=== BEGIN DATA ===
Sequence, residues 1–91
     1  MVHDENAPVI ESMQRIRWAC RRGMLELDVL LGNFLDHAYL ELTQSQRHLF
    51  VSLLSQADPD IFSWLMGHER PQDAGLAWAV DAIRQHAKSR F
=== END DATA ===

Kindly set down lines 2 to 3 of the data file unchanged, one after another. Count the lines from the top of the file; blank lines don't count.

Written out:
     1  MVHDENAPVI ESMQRIRWAC RRGMLELDVL LGNFLDHAYL ELTQSQRHLF
    51  VSLLSQADPD IFSWLMGHER PQDAGLAWAV DAIRQHAKSR F